Financial Results

Embattled Credit Suisse Restructures, To Raise Capital; Posts Q3 Loss 

Tom Burroughes Group Editor 28 October 2022


The lender is slashing its risk exposures, pivoting to wealth management and trying to restore its fortunes after a run of losses. It posted a third-quarter loss as well as figures showing clients withdrew assets. Credit Suisse's shares fell sharply yesterday.

Credit Suisse is to raise SFr4 billion ($4.04 billion) in a restructuring overhaul, wind down investment banking exposures and make other changes to restore profitability.

As part of the capital-raising, Saudi National Bank is to buy SFr1.5 billion of the capital being raised, Credit Suisse said in a statement yesterday.  

The announcement came as Switzerland’s second-largest bank reported a third-quarter loss. Its shares were down more than per cent from the open on the SIX exchange on Thursday.

The banking group has been hit by a mass of problems, such as exposures to a failed New York-based hedge fund/family office called Archegos, the Greensill Capital supply-chain business in the UK, and concerns about legacy issues. 

It logged a loss, on an attributable basis, of SFr4.034 billion in the three months to end-September, from a profit of SFr434 million a year earlier. Net revenues rose 4 per cent year-on-year to SFr3.8 billion. Clients removed SFr12.9 billion in net outflows in the quarter, contrasting with SFr5.6 billion of inflows a year before. Total assets under management fell to SFr1.4 trillion, down from SFr1.623 trillion.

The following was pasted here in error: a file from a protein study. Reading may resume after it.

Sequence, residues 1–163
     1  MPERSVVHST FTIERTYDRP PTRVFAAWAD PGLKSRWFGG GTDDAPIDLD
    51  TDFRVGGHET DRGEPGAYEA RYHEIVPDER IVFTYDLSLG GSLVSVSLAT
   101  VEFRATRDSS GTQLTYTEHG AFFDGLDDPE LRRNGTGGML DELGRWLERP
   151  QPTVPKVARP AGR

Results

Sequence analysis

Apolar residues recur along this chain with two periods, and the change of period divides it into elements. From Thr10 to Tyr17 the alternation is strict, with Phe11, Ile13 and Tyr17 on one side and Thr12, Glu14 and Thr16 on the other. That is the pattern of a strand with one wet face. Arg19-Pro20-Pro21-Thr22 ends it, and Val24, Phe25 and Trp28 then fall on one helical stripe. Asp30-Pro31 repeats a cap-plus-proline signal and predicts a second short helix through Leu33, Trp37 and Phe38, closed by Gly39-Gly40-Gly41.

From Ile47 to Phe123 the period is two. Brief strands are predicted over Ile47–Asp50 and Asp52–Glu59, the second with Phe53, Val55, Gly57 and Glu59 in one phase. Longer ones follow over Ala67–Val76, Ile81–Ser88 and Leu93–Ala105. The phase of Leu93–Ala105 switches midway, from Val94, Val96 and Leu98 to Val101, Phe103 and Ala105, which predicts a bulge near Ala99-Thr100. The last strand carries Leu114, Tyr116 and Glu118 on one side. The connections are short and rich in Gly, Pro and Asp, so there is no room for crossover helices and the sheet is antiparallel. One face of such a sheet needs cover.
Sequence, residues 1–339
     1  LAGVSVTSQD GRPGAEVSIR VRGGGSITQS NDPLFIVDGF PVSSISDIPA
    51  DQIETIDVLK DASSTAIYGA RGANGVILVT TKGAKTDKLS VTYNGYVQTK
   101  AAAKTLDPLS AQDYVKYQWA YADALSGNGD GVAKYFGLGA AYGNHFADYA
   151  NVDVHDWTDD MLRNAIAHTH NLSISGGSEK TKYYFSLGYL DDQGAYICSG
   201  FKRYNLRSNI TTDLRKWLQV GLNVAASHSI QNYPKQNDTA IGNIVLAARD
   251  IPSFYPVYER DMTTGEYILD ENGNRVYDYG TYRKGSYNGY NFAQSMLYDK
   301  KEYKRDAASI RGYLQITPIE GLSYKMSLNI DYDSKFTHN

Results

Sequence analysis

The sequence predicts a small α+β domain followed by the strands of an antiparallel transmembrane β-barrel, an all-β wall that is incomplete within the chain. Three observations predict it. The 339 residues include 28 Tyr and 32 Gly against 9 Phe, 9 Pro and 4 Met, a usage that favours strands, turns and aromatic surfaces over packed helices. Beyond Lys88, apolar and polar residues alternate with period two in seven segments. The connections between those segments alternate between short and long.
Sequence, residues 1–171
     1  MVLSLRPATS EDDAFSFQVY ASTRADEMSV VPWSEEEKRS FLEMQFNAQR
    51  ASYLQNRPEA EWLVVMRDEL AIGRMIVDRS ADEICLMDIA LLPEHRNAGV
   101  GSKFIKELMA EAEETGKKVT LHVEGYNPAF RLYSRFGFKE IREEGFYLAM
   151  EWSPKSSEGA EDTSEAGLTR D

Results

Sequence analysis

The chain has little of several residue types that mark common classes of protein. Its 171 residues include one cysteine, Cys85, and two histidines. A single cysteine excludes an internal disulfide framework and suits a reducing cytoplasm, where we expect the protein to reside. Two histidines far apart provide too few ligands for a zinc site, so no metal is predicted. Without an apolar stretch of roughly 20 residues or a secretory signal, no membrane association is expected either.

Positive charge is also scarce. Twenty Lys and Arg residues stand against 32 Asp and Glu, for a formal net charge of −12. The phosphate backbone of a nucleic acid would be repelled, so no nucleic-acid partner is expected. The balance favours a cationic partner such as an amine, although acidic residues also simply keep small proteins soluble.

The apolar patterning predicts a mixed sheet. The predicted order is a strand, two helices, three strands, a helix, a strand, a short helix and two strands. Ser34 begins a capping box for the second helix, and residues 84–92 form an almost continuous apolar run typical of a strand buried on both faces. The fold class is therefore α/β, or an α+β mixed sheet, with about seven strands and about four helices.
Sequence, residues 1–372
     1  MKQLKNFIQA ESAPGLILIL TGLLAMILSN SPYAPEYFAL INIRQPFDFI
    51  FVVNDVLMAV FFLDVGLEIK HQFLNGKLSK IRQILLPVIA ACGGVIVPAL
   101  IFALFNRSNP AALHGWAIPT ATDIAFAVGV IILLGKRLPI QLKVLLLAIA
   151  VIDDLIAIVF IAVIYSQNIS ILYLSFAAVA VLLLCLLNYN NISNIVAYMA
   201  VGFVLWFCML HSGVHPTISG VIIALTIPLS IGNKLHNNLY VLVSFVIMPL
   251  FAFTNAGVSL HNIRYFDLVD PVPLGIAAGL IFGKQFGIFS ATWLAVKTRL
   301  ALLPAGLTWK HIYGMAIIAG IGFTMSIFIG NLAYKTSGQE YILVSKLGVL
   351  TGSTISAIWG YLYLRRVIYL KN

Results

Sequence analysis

The loss, and outflows of client money, come as the bank is trying to recover its reputation for stability. Other banks, of course, have seen assets hit by heavy falls to global markets in 2022, although rising interest rates have helped with margin compression. 

The lender expects to “radically restructure” the investment bank and slash its risk-weighted assets. RWAs and leverage exposure is expected to fall by about 40 per cent over the next three years.

The Zurich-listed group said it plans to shrink costs about by about 15 per cent, or SFr2.5 billion, to SFr14.5 billion in 2025. Media reports said about 9,000 staff roles will go.

Ulrich Körner, Credit Suisse’s CEO, said: We are radically restructuring the Investment Bank to help create a new bank that is simpler, more stable and with a more focused business model built around client needs.”

A “significant portion of the Securitized Products Group (SPG) will be transferred to an investor group led by Apollo Global Management.

To attain a group Common Equity Tier 1 ratio of more than 13.5 per cent by end-2025, Credit Suisse said it intends to raise about SFr4 billion by issuing new shares to qualified investors, including Saudi National Bank, which has committed to invest up to SFr1.5 billion to achieve a shareholding of up to 9.9 per cent, and through a rights offering for existing shareholders, subject to approval at the extraordinary general meeting on November 23, 2022. These measures are expected to translate into a diversification of the bank’s shareholder base and increase the group CET1 ratio from 12.6 per cent at Q3 2022 to a pro forma about 14 per cent ratio. 

Credit Suisse said it expects to sustain restructuring charges, software and real estate impairments in connection with the transformation of SFr2.9 billion over a period from the fourth quarter of 2022 to 2024. 

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